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Howland, Walter Kenneth

Walter Kenneth Howland U.S. Navy WWII
USS Hull (DD-350) U.S. Navy WWII


 
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Date of Birth: 1/11/1910
Died On: 12/14/1944
Street Address: Post Road
Service Number: 9075009
Branch of Service: U.S. Navy - USS Hull (DD-350)

Veteran Code: KIA-53


BIOGRAPHY
 
https://en.wikipedia.org/wiki/Purple_HeartWalter Kenneth Howland

Walter Kenneth (Ken) Howland was born on January 11, 1910, in New York to Clara Burk, age 21, and Walter Claude Howland, age 30. He married Adah Louise Stevens in Port Chester, New York, on September 13, 1928, when he was 18 years old. His daughter Patricia L was born on April 16, 1929, in New York. Ken Howland was working as a civil engineer in North Pelham before enlisting in the Navy during World War II when he was 34 years old.

He had been in the navy about a year and attended Navy Quartermaster School at Guilfort, MS, before going to sea. He was assigned as a member of the crew USS Hull DD 350.



USS Hull was ordered to join a 3rd Fleet refueling group, departing 20 November 1944, to rendezvous with fast carrier striking forces in the Philippine Sea, at the instructions of South Pacific Commander William Halsey Jr.


Fueling operations with the fast, carrier strike-force in the Philippine Sea began on 17 December 1944, but increasingly heavy seas forced cancellation later that day. The fueling group became engulfed next day in an approaching typhoon, designated Cobra, with barometers falling to very low levels and winds increasing above 90 knots.

After Hull was ordered to change course to 140 degrees, ostensibly by Admiral Halsey "to see what they were doing," the wind increased to over 100 knots. At about 11:00 hours, on 18 December, Hull became locked "in irons", in the trough of the mountainous sea.

Unable to steer with the north wind on her port beam, yawing between 80 and 100 degrees, the whaleboat and depth charges were swept off. As the roll increased to 70 degrees, she was pinned down by a gust as the sea flooded the pilot house and poured down the stacks.

All hands worked feverishly to maintain integrity and keep the ship afloat during the heavy rolls, but finally, in the words of her commander, Lt. Cmdr James A. Marks, "the ship remained over on her side at an angle of 80 degrees or more as the water flooded into her upper structures. I remained on the port wing of the bridge until the water flooded up to me, then I stepped off into the water as the ship rolled over on her way down". A later finding was that additional sea water ballast could possibly have helped the ship recover from the 70-degree roll.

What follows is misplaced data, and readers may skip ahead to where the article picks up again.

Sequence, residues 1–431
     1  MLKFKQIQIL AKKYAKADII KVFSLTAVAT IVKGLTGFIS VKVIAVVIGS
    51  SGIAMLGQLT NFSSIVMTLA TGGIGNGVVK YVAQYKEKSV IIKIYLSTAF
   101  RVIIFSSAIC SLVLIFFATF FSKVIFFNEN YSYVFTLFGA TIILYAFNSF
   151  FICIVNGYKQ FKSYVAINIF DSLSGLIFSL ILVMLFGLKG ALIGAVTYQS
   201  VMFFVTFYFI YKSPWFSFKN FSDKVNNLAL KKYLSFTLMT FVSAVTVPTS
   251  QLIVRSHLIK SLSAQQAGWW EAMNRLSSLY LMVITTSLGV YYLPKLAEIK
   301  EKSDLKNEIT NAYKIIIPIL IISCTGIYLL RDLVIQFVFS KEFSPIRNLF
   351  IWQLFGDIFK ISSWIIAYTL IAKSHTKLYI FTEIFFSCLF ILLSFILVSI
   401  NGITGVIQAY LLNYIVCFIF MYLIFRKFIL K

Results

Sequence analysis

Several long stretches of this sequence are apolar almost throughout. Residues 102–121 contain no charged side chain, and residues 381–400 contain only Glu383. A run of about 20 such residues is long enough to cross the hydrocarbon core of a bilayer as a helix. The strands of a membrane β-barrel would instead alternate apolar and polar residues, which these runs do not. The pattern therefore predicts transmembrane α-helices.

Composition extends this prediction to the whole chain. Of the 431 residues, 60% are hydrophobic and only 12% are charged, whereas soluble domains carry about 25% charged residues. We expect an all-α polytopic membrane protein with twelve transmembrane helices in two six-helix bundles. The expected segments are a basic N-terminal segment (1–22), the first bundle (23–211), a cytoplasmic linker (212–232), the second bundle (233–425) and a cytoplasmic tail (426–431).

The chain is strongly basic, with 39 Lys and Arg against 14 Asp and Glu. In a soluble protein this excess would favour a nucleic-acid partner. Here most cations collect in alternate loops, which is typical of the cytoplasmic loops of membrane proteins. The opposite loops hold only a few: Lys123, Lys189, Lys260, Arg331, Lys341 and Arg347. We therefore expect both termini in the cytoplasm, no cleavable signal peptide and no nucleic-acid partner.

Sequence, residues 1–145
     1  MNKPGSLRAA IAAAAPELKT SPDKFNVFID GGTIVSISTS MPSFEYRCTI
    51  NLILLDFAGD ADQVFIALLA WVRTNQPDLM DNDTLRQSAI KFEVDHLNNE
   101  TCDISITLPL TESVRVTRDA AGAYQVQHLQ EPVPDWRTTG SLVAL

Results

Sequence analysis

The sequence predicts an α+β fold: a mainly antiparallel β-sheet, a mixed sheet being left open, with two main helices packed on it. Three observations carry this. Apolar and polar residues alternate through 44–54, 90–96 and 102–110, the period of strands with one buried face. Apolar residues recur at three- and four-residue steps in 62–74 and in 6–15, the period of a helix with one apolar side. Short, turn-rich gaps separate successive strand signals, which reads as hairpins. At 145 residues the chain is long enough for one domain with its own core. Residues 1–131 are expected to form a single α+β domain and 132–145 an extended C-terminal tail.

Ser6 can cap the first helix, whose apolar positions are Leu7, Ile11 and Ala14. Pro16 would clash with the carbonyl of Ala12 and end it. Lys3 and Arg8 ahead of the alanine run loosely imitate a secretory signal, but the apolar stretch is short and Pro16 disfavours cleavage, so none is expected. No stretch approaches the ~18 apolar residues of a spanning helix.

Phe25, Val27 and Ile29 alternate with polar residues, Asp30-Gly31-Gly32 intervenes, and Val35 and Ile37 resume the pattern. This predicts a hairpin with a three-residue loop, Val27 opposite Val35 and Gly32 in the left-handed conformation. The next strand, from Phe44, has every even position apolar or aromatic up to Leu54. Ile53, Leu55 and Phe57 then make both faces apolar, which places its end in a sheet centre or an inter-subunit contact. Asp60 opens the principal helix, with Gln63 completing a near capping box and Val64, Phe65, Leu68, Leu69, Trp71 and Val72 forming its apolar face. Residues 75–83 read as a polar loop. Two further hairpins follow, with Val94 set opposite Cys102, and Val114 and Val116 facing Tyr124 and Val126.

Reportedly, some time before Hull became locked "in irons," some officers had debated whether to remove captain Marks from his command in order to turn the ship to a safer course, but the executive officer, Greil Gerstley, refused to do so on the grounds that there had never been a mutiny on a US Navy ship.

This incident provided novelist Herman Wouk with the inspiration for the climax of his novel The Caine Mutiny, in which a captain is actually relieved of his duties by his officers in the course of Typhoon Cobra.

Rescue work by USS Tabberer and other ships of the fleet in the days that followed saved the lives of 7 officers, including the captain of the ship, and 55 enlisted sailors. 11 officers of the Hull, including the executive officer, and 191 enlisted sailors perished in the sea. In all, 790 men of the Fleet lost their lives in the typhoon.

The death of Seaman Walter Kenneth Howland, originally reported missing on the destroyer USS Hull, lost on December 18, 1944 in a South Pacific typhoon, was officially confirmed by the U.S. Navy in March 1945. He was the son of Mr. and Mrs. Walter K Howland, Post Road, and was thirty five years old.

Besides his parents he was survived by his wife and 15-year old daughter, who then lived in New Rochelle. Mrs. Adrian Van Haasteren, 47 Adelaide Street, was his a cousin.

Walter Kenneth Howland is memorialized at the Manila American Cemetery and Memorial. MEMORIAL ID 56752241


At 2:27 on above film USS Hull is shown coming in to refuel.
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